A shock interview in yesterday’s Observer with Imperial College modeller Neil Ferguson revealed the true story behind Britain’s lamentable failure to halt the Covid 19 epidemic.
“It was during one of my regular lockdown knock ups with my best friend’s wife that I realised what we’d been doing wrong,” said Ferguson. “The data we’d been using related only to people who’d caught the disease, which usually happens many days after contact. What was needed was data from before this key event, and more data from after they’d got better, or not. Without knowing what people had been doing and who they’d been doing it with, in the weeks before, and how the human biological feedback mechanism, or body, as we scientists call it, would react in the weeks following the illness, we couldn’t hope to get a grip on the situation. The only thing to do was to wait until millions died, and then go on telly to explain why we were right all along. ‘You really haven’t a clue. You’re just fumbling about in the dark,’ as my colleague, who wishes to remain anonymous, aptly put it.”
[The interview was conducted by the Observer’s science editor, Robin McKie, who is to science journalism is what the BBC’s Roger Harrabin would be to environmental reporting if Roger was really really bad at his job. The high point of McKie’s career was his invitation to serial Microsoft loony “Professor” Steven Emmott to explain why the world was about to end at a well-publicised talk at London’s Science Museum, a talk no word of which ever leaked out. Soon after this event the director of the Science Museum, Chris “cryological borehole” Rapley suddenly resigned and took up a well-earned rest as professor of climate science at University College, London.]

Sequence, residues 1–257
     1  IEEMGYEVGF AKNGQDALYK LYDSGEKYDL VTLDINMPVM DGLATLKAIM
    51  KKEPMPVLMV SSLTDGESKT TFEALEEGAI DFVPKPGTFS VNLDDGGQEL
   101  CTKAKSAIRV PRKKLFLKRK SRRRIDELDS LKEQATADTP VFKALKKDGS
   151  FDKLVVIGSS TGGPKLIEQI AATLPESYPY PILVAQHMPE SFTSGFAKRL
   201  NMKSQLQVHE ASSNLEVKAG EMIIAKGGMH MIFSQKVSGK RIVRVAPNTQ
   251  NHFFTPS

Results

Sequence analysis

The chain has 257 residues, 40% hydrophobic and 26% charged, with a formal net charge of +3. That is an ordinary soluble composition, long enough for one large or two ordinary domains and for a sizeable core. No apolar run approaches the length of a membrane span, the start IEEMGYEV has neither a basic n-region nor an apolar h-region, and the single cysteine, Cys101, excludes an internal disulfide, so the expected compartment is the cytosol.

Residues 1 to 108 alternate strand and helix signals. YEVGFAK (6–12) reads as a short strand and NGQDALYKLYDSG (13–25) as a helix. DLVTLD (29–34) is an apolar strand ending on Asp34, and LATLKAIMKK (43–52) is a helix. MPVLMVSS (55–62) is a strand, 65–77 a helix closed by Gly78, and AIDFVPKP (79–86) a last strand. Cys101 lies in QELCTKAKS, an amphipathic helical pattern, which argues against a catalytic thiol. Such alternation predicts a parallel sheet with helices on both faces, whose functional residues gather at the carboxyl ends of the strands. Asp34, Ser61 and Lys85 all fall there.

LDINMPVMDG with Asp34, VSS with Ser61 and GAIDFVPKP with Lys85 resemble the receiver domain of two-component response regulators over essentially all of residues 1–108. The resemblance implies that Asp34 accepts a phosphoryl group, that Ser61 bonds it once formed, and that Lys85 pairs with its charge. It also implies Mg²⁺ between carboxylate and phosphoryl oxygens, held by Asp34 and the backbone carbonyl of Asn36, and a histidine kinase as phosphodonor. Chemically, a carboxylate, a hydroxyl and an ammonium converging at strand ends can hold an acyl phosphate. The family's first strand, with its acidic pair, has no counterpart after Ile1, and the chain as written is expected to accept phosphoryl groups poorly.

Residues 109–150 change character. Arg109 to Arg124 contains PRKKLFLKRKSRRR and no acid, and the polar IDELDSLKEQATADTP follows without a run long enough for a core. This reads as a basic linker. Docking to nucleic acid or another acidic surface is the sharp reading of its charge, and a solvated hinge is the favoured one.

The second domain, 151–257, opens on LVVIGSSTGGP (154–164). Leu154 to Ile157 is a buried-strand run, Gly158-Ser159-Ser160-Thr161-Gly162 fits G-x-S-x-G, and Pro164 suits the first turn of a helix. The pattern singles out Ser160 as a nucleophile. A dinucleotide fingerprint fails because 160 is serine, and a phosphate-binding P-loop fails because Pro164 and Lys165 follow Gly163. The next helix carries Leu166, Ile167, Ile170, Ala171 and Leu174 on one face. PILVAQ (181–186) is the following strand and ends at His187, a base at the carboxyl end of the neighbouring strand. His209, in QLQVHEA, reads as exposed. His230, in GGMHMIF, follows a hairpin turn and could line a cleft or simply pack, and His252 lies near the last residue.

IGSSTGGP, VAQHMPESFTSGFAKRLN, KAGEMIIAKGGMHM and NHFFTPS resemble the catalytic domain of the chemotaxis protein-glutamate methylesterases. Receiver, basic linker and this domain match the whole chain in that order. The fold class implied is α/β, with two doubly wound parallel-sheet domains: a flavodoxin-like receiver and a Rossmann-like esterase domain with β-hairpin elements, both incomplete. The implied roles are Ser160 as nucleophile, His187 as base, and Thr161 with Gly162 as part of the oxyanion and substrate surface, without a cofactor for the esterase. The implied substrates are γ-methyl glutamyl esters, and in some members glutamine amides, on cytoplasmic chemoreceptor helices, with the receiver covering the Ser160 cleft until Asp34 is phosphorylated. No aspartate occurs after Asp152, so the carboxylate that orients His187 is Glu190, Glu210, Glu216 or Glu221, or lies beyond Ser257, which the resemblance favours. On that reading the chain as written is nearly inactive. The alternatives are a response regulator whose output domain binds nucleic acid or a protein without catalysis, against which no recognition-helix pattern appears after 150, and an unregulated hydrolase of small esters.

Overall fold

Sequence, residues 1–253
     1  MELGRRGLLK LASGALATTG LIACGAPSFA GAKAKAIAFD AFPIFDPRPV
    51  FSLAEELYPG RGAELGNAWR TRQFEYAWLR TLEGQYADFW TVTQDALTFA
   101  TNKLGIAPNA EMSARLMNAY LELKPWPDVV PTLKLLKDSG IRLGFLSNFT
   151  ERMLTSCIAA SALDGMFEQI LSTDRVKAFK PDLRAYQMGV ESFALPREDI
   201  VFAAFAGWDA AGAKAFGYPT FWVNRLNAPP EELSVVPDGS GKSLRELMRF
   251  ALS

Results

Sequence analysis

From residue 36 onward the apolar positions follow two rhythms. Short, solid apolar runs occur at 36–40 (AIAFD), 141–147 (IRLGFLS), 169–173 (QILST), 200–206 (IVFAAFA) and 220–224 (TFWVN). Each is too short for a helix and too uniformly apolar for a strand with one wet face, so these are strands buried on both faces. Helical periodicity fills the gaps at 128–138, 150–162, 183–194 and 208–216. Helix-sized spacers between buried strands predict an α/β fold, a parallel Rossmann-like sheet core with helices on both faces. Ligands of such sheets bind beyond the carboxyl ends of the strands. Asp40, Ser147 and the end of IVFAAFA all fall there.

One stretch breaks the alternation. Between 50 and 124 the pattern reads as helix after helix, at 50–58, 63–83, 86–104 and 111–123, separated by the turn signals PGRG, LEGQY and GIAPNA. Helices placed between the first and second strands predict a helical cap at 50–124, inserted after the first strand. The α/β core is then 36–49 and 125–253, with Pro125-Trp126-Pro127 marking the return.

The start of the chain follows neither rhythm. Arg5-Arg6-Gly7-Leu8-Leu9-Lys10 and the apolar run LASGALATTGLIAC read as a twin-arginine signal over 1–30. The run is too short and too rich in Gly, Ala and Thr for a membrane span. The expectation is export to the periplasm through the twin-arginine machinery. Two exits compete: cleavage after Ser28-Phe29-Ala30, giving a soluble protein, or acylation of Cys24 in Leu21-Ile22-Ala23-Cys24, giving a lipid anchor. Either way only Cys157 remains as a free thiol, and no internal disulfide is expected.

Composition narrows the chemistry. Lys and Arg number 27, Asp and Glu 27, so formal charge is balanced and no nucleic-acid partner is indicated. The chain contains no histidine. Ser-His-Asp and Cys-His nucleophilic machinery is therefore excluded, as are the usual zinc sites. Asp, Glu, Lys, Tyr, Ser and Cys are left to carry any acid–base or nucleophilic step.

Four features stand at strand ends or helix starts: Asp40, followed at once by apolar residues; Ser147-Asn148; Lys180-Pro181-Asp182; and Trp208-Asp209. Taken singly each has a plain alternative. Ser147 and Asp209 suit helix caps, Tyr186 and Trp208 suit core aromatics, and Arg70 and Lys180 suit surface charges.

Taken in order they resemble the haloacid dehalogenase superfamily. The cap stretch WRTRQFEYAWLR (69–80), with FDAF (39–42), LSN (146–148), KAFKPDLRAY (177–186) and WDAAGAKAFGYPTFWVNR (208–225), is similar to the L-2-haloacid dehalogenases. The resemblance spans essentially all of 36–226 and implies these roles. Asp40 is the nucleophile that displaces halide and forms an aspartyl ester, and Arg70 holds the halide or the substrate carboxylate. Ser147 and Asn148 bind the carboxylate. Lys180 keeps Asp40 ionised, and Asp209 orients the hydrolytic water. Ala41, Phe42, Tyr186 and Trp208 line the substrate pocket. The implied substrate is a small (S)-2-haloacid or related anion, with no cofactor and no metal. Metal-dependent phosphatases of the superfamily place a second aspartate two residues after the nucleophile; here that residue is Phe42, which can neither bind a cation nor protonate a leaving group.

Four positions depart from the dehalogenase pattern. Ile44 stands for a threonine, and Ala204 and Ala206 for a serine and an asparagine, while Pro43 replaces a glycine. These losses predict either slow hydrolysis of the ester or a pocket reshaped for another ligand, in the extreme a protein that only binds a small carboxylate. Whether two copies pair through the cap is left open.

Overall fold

Where was I? Never mind. Here is the first half of the article, with no snips, and even a few snippets added that McKie left on the cutting room floor.
It opens predictably enough:
Exactly one year ago, the epidemiologist Neil Ferguson first realised the full extent of the threat that Covid-19 posed to the UK. Calculations by his team at Imperial College London had already revealed that the National Health Service faced being inundated by people suffering from the newly emerged respiratory ailment.
Well, yes. If there’s one thing a sophisticated epidemiological model is really good at, it’s predicting that a newly emerged respiratory ailment will inundate the NHS. It happens every autumn, and it’s called ‘flu.
Worse news was to follow.
What could be worse than the NHS being inundated? Answer: (implied but not spelt out) destroying the country’s economy to stop the NHS being inundated.
“We knew things were serious in February but around 10 March we began to get really reliable data about hospital admissions – and that is when we recognised the fact that Britain was a lot further into the epidemic than any of us had previously grasped.”